Fixing copyright for teachers and students - Lisette Kalshoven and Alek Tarkowski OER17
From Ewan McAndrew
Authors: Lisette Kalshoven, and Alek Tarkwoski
For as long as literary and artistic works are protected by copyright, there will always be a duty of teachers to use copyright protected non-licensed works for purposes of teaching their students. This imperative towards society persists in the context of open education: when creating new open educational resources educators are often faced with the need to quote, translate, adapt or otherwise use existing works.
The majority of laws across the European Union do not, however, provide for exceptions and limitations to copyright that support the necessary access and reuse of protected works for educational purposes. The EU legal scenario actually discourages the development and dissemination of OER that make use of protected works: firstly, certain educational uses are not exempted (or might be exempted in face-to-face teaching but not in digital and online contexts); secondly, the differences between the laws prevent the cross-border sharing of OER that use protected works (Nobre 2014).
Reforming the copyright system in order to provide better support for educational freedoms should be part of the discussions around the Politics of Open. In our presentation, we will outline a policy approach that treats OER and copyright reform policies as two means of achieving these freedoms. We will also present the outcomes of an advocacy project aimed at amplifying the voice of education in the ongoing copyright reform debate in the EU, in particular:
a study of modern educational practices, in order to demonstrate the extent to which outdated legal rules limit modern, innovative education. The study is based on existing data and a small set of in-depth interviews with leading teachers and educational experts.
Visual tools that compare the fragmented landscape of education exceptions in different member states of the EU. These tools are based on existing legal data (PPMI 2016 and Seng 2016) and an in-depth legal analysis that assesses the permissibility of certain practices in selected countries.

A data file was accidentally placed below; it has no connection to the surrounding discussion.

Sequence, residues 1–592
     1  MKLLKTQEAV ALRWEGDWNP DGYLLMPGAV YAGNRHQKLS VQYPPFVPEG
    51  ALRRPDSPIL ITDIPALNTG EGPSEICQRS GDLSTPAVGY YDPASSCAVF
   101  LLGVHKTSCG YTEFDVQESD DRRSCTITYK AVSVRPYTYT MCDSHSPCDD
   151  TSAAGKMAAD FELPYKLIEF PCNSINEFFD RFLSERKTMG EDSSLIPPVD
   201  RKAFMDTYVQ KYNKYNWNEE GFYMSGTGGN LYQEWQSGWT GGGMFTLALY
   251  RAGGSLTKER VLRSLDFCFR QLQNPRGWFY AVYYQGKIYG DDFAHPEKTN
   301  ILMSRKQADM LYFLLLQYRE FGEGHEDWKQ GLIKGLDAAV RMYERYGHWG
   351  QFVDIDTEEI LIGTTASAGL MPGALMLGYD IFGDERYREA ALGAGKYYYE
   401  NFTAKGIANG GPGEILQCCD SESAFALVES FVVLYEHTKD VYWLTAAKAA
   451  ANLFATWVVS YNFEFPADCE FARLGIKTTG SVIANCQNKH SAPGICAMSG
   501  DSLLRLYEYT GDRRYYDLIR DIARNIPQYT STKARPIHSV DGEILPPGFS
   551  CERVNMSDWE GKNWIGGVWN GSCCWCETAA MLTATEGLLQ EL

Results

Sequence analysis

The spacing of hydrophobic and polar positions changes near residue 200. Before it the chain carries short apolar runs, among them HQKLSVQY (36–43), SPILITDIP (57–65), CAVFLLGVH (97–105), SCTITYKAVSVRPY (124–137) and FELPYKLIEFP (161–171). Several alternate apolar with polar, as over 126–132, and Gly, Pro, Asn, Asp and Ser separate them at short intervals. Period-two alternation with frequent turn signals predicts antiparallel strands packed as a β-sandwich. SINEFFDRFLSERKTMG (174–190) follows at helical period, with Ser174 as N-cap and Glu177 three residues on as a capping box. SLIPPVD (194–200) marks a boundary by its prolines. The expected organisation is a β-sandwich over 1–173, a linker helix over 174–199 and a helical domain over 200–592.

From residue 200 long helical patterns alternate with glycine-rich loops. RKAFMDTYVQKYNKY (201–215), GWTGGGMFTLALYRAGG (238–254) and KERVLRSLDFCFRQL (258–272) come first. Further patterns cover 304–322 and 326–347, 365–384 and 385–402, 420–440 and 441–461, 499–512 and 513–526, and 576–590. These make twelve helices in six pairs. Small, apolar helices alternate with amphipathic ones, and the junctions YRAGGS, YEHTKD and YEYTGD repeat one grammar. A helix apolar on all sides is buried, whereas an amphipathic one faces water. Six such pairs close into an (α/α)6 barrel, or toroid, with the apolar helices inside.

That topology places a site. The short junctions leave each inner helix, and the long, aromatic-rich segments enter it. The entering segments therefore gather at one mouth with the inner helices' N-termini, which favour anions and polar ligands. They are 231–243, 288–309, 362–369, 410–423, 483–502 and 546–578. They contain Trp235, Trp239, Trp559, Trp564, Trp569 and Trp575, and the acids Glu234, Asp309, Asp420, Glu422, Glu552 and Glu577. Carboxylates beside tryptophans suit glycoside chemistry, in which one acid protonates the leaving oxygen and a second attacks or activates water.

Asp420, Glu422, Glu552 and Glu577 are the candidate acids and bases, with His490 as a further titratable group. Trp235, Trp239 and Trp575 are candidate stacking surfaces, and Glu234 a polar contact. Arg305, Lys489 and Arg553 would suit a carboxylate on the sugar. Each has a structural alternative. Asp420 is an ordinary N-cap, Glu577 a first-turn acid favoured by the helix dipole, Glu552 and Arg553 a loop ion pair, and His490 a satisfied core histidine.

Copyright exceptions should promote positive learning outcomes in a variety of formal and informal settings, online as well as offline, and across borders. A copyright system that does not offer a proper balance between the rights of copyright owners and the public interests related to education has necessarily a negative impact in the development of OER.
Our goal is to bring together open practitioners and educators to support the message that “copyright needs to empower – and not thwart – the activities of teaching and learning” (COMMUNIA 2016). At the same time we hope to offer a better understanding of the obstacles faced by teachers, help identifying which uses are exempted (namely for producing OER), and facilitate the comparison of education exceptions.
COMMUNIA (2016). Policy Paper #11 on leveraging copyright in support of education.
PPMI Public Policy and Management Institute (2016). Assessment of the impact of the European copyright framework on digitally supported education and training practices.